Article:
This past week, I traveled to Chicago for the New Horizons in Conservation Conference. This conference brings together researchers, environmental advocates from NGOs, and undergraduate and graduate students to discuss environmental justice and collaborate on new approaches to make environmental work more equitable. I met a wide variety of environmental activists, from community leaders fighting for clean air and green space to researchers studying invasive species. On the final day of the conference, I also got to present a pilot study about gender diversity in science education.
College of Social Studies major Emma Rose Borzekowski ’19 and philosophy and feminist, gender and sexuality studies double major Selene Canter ’19 set out over winter break to research agriculture in Cuba–to learn what farming looks like in one of the few remaining socialist states. The research trip was funded by a grant from the College of the Environment.
May Klug ’19 in April. The morning of her thesis defense. At Long Lane Farm, tending the greens. A senior music and American studies major, May volunteers 10 to 12 hours/week at the student-run farm, and was a member of last fall’s Pumpkin Fest committee (where she performed). This winter and spring she’s devoted her time to giving the summer greens a good head start. She’s particularly proud of the peas.
Visiting Assistant Professor of Environmental Studies (and Wes alum) Rosemary Ostfeld, PhD ’10 and her students from ENVS344 / Renewable Energy and Negative Emission Technologies joined with members of the Connecticut League of Conservation Voters (CTLCV) on a visit the state capitol in Hartford earlier this month. Environmental studies majors in the group included Caroline Sgaglione ’19, Catherine Xi ’21 & Maggie Humphrey ’21. While there, Ostfeld and her students discussed renewables, green technologies, and the importance of making the environment a priority with State Reps Michael Winkler & Quentin Phipps and fellow Wesleyan University alums State Senator Matthew Lesser ’08 and State Rep Mike Demicco ’80.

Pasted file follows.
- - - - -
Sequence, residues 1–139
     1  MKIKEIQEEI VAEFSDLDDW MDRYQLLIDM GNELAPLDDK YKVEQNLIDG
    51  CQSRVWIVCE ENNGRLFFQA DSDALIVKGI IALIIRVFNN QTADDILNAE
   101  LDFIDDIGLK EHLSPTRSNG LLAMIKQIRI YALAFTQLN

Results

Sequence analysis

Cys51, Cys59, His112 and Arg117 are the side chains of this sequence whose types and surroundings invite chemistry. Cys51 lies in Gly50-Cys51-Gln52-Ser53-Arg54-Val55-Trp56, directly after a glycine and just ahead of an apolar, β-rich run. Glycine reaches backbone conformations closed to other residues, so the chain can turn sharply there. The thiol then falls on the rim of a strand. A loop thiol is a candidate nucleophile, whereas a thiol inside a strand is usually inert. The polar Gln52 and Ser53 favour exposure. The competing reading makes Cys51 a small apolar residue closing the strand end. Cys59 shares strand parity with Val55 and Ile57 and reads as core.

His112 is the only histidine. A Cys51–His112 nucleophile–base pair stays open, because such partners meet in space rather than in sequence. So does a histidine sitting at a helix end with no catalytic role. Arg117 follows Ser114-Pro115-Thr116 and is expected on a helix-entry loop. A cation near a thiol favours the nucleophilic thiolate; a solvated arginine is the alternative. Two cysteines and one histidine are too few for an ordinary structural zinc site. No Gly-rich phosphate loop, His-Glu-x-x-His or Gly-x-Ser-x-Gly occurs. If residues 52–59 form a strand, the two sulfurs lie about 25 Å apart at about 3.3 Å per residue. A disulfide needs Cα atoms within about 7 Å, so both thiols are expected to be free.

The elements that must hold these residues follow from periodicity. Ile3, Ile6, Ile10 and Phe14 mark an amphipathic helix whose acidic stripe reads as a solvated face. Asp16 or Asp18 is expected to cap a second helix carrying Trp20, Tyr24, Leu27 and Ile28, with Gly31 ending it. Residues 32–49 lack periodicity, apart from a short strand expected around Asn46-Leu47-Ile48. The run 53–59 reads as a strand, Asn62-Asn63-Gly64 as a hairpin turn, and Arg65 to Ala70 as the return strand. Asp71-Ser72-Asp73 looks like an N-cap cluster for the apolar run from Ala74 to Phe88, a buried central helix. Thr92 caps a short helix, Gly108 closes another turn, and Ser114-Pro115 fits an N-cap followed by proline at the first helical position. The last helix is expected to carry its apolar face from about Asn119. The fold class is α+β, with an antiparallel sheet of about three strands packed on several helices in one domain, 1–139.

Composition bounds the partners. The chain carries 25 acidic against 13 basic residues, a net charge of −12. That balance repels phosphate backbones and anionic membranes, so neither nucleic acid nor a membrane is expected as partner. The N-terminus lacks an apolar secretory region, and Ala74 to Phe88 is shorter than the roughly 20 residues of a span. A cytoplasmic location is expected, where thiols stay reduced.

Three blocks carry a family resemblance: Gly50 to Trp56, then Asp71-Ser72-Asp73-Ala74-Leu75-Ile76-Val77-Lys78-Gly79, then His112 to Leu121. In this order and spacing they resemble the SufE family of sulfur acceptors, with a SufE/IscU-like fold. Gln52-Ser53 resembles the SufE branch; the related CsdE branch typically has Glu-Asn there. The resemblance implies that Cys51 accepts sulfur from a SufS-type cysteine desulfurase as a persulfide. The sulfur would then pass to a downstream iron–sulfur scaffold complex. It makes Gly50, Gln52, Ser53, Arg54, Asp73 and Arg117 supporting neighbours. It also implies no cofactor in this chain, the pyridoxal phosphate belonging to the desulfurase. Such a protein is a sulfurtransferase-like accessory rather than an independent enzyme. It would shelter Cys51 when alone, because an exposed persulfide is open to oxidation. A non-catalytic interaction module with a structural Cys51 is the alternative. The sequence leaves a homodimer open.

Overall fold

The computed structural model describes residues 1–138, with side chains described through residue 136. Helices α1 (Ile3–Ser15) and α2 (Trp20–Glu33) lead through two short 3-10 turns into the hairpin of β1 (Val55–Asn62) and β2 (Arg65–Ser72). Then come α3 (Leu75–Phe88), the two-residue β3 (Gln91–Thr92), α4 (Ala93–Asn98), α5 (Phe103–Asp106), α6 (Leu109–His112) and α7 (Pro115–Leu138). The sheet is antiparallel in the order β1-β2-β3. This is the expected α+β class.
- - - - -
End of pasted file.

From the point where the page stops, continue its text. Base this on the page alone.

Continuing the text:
The research explored here, “Spectroscopic Studies of Hybrid Perovskite Solar Cells,” was undertaken as part of the College of the Environment’s Faculty-Student Research Grant Program, which provides opportunities for faculty and students to work together on research projects.
Meng-ju Renee Sher ’07 is assistant professor of physics, assistant professor of integrative sciences, and assistant professor of environmental studies at Wesleyan University. Sher received her bachelor’s degree from Wesleyan in 2007 and PhD degree from Harvard University in 2013.
Kudos to art & art history and environmental studies double-major Paul Franceschi ’19, who showcased his senior thesis work, “Frontcountry Principles,” as part of an exhibition at Zilkha Gallery here at Wesleyan, earlier this month.
Each year, our COE Think Tank brings together Wes students and faculty from across the university, plus a noted outside scholar, for a yearlong conversation on a topic of vital environmental importance. This year’s focus: how humans relate to and value the non-human part of the world. Read on to discover how our three student fellows have been exploring the topic in their work.
On February 22, the COE hosted a screening of the 2016 documentary short film Shash Jaa’: Bears Ears, followed by a Q&A with Navajo-Hopi filmmaker/director Angelo Baca. A post-showing reception featured a photo exhibit of the Bears Ears region by Fiona McLeod ’19. Shash Jaa’ details the efforts of the Bears Ears Inter-Tribal Coalition against the reduction of Utah’s Bears Ears National Monument by 85 percent after President Trump’s 2017 executive order. It is a continuation of the film Into America: The Ancestors’ Land, directed by Baca & Nadine Zacharias, which examined natural resource extraction in southeastern Utah.
This past January, Nethra Pullela ’20, Liz Atalig ’21, and Jackie Duckett ’20 joined E&ES Professor Suzanne O’Connell on a journey to the center of the earth–traveling to the International Ocean Discovery Program (IODP) at Texas A&M University to collect data and samples for O’Connell’s “Where Was the Antarctic Oligocene Ice?” project, funded by the COE’s Faculty-Student Research Grant Program.
Six students in Barry Chernoff’s ENVS197 (Introduction to Environmental Studies) course worked side-by-side with members of Wesleyan’s Physical Plant this semester, as part of a collaborative project with Forklift Danceworks, an organization that employs performance to activate communities through a collaborative creative process. The Austin-based organization was founded by choreographer Allison Orr, a former Menakka and Essel Bailey ’66 Distinguished Visiting Scholar here at the COE, who lead the project, with help from Forlift’s assistant choreographer Gretchen LaMotte ’18.